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    Applying rules of engagement to real-life scenarios

    From military to clinic, lessons learned can provide valuable experience for future directives

     

    She caught me with a right hook to the jaw and down I went. Evidently, she had an age problem. How could this happen with my professional woman patient? The reason she was dressed up was she thought she was Cybill Shepherd from the TV series “Moonlighting.” Funny, I watched that show every week—no real resemblance.

    Rule 2 subparagraph b. “Just because their feet are pointing in the right direction doesn’t mean their legs are attached.”

    This occurred during my Veterans Affair hospital tenure, but also pertains to any situation where a patient might be transferred from a wheelchair to an exam chair.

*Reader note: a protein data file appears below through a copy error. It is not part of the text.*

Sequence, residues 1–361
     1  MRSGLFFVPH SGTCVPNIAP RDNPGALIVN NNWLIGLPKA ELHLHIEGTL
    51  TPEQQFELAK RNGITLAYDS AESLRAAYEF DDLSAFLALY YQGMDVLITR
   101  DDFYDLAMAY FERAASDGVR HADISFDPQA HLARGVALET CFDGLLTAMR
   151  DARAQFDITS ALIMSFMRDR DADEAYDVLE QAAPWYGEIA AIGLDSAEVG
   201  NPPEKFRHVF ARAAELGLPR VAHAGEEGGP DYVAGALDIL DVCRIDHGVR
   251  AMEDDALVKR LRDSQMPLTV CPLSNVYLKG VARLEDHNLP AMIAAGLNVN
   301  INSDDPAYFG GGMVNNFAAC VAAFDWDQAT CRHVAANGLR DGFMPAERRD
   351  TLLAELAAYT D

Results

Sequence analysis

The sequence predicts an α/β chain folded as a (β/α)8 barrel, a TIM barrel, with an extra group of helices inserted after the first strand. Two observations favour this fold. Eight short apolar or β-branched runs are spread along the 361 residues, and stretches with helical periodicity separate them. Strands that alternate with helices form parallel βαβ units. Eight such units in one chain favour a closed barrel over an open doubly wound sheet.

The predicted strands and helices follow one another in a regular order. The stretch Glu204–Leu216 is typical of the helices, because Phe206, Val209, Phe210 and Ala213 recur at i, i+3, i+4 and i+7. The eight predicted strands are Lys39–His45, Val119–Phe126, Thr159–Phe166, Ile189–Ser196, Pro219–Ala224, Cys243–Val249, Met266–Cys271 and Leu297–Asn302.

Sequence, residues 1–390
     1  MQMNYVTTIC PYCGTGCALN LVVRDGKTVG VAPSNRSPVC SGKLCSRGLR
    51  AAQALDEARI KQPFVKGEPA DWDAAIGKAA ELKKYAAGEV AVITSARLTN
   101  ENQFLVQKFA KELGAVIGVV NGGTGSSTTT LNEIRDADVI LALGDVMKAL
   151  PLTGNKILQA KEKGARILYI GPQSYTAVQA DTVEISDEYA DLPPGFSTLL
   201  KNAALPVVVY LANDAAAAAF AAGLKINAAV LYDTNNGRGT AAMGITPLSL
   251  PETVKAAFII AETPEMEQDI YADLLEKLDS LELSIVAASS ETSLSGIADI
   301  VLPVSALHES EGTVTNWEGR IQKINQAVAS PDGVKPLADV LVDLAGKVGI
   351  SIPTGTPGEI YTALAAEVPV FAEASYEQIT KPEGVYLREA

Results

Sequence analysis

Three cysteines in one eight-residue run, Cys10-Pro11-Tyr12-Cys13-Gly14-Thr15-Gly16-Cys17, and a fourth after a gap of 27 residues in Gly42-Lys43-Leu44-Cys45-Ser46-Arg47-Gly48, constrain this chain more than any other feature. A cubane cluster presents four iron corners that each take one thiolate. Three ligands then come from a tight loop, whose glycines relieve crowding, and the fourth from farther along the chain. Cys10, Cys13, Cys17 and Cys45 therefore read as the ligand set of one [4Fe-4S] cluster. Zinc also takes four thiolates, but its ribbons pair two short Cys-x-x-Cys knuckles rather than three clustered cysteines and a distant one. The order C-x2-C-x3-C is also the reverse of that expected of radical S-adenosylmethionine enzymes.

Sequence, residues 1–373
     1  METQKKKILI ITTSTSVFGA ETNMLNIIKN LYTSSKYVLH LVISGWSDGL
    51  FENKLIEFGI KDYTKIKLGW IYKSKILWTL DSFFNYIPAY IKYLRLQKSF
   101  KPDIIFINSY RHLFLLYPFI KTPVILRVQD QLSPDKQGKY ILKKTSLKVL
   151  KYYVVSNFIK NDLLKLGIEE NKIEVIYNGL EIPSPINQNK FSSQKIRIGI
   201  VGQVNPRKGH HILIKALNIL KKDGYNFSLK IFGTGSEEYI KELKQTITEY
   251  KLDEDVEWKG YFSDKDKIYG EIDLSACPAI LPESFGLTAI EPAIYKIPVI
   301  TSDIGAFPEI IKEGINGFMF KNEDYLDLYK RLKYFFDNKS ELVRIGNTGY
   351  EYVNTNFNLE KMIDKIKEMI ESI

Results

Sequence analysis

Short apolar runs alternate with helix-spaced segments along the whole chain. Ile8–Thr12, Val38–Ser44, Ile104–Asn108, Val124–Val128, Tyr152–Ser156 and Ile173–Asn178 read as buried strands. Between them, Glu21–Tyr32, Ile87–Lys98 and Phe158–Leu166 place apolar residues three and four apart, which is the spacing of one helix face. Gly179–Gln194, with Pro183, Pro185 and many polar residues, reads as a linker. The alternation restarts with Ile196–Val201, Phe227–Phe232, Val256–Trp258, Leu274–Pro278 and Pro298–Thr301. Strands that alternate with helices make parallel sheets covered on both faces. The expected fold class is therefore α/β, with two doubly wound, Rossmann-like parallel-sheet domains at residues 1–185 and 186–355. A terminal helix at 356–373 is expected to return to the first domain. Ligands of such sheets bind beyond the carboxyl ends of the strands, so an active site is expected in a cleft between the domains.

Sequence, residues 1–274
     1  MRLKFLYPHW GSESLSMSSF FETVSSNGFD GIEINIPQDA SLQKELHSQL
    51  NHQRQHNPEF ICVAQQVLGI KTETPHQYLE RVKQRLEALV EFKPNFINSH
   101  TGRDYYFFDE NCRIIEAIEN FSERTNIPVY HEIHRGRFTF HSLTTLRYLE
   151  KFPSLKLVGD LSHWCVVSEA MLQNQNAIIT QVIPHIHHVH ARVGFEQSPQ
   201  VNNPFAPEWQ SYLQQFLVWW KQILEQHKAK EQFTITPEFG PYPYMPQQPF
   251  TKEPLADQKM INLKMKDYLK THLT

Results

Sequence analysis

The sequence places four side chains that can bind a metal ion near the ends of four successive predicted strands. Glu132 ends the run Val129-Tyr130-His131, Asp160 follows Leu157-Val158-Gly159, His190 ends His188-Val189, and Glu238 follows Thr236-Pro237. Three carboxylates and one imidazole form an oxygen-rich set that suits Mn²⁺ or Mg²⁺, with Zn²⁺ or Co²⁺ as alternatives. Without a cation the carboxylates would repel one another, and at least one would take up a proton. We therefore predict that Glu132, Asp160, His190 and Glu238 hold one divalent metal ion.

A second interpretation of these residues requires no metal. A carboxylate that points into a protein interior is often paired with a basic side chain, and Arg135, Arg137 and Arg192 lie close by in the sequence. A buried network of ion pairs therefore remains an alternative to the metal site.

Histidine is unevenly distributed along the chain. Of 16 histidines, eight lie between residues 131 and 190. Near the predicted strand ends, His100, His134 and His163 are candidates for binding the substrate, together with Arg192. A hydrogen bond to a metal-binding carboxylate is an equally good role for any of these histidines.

I had a gentleman wheel his way into my exam lane. He had a Navy lap blanket covering his legs. We discussed his blanket and the logo and how his wife had done a great job knitting this for him because his legs got cold. He was there for a follow-up from a stroke. I asked him if he needed help getting into the exam chair. He said he could do it himself, and began to do so.

    The last thing I saw out of the corner of my eye was he started to fall. I reached my right arm out, he grabbed it, and we both went down. I ended up in a cast on my arm for the whole summer. Two other technicians helped him into the exam chair. Still lying on the floor, I looked at his chair. There were his two prosthetic legs—pointing in the right direction. He did not have his remaining legs in the prosthesis because they were sore—and he had forgotten. Moral of the story: Do not presume patients can transfer themselves simply because they say they can. Pay full attention and be close by to assist.

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